Cucumbers love warm weather and grow well vertically.
Here are my helpful tips for cucumbers: 1) Sow cucumber seeds indoors under grow lights about one month before the last frost in the spring and transplant in late spring or early summer when the evenings are warm-or- Sow the seeds directly outside when the evening temperature exceeds 65 degrees Fahrenheit for the best germination. 2) Space the plants about 6 to 8 inches apart. 3) Mound up the dirt for the seedlings or the seeds. 4) Use a trellis to keep the vines and the cukes off the ground. 5) Keep the cucumber seedlings under a small spaced net barrier until the vines start flowering. This helps to keep away the bad bugs until the plants are stronger. 6) Use soaker hoses to provide enough moisture. 7) Don’t forget to use compost when planting and/or plant food. I used coffee grounds every few weeks this year and they loved it.
My trellis is 4 feet tall and wide which I purchased from Gardeners Supply Company. I overlapped two trellises side by side to fit my longest raised bed. To keep the trellis secure, I use tie wraps to connect the trellis to poles, put the poles 6 in the ground and landscaping pins to make sure it stays put. This fits nicely under my pvc hoops. so I can use netting for the bugs or a cloth if the weather is not agreeable.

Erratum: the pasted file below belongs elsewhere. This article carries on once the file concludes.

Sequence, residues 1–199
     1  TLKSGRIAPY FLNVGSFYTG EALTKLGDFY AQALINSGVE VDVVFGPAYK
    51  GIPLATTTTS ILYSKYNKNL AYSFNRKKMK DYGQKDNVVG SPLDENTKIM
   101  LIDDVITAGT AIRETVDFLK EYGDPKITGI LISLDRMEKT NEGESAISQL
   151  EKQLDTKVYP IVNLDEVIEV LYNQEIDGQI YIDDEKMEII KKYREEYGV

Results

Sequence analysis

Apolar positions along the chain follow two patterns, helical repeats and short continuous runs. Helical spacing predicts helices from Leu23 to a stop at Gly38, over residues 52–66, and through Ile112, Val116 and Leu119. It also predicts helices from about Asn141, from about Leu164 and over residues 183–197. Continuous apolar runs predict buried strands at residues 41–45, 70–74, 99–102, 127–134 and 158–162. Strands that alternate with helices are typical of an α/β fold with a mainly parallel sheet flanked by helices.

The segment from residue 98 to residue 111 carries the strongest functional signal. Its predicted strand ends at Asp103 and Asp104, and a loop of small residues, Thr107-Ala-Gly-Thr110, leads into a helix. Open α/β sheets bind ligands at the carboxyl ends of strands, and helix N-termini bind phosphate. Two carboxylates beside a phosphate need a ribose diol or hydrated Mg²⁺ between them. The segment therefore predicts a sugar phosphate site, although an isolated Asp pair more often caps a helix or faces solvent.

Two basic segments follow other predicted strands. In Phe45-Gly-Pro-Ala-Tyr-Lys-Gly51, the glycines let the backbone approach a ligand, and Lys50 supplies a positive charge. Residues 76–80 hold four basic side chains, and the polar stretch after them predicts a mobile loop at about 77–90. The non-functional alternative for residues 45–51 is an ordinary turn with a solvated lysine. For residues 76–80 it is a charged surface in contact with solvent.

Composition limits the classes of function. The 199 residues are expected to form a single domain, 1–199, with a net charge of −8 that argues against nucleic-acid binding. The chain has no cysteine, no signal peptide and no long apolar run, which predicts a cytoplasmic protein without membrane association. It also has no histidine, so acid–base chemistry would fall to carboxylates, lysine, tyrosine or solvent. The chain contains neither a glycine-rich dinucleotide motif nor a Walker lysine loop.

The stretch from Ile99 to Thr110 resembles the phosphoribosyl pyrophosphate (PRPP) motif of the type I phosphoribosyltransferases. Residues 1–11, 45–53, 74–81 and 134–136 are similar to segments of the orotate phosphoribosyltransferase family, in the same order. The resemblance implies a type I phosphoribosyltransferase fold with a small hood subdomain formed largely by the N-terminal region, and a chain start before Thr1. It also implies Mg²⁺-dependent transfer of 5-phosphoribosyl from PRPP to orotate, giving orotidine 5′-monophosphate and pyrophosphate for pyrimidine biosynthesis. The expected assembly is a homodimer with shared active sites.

In the event that any cucumbers are growing against the soil, you should put something underneath the cucumber so they don’t rot. I use leftover coco fiber from my planter boxes. You could also use mulch, landscaping fabric, a small piece of wood, etc.
Cucumber plants have male and female flowers so bees help with the pollination. The male flowers grow close to the stem. The female flowers are on a longer stem that looks like a mini cucumber. Once the bee pollinates the female flower, the mini cucumber will grow as shown in the picture to the left.
Cucumbers are great for succession planting.
Healthy soil also helps plants from the bad pests such as the striped or spotted yellow or red cucumber beetles. If you see one, don’t just stand there – catch it, kill it and dispose of it! At first glance the red cucumber beetle looks like a lady bug but the spots are bigger.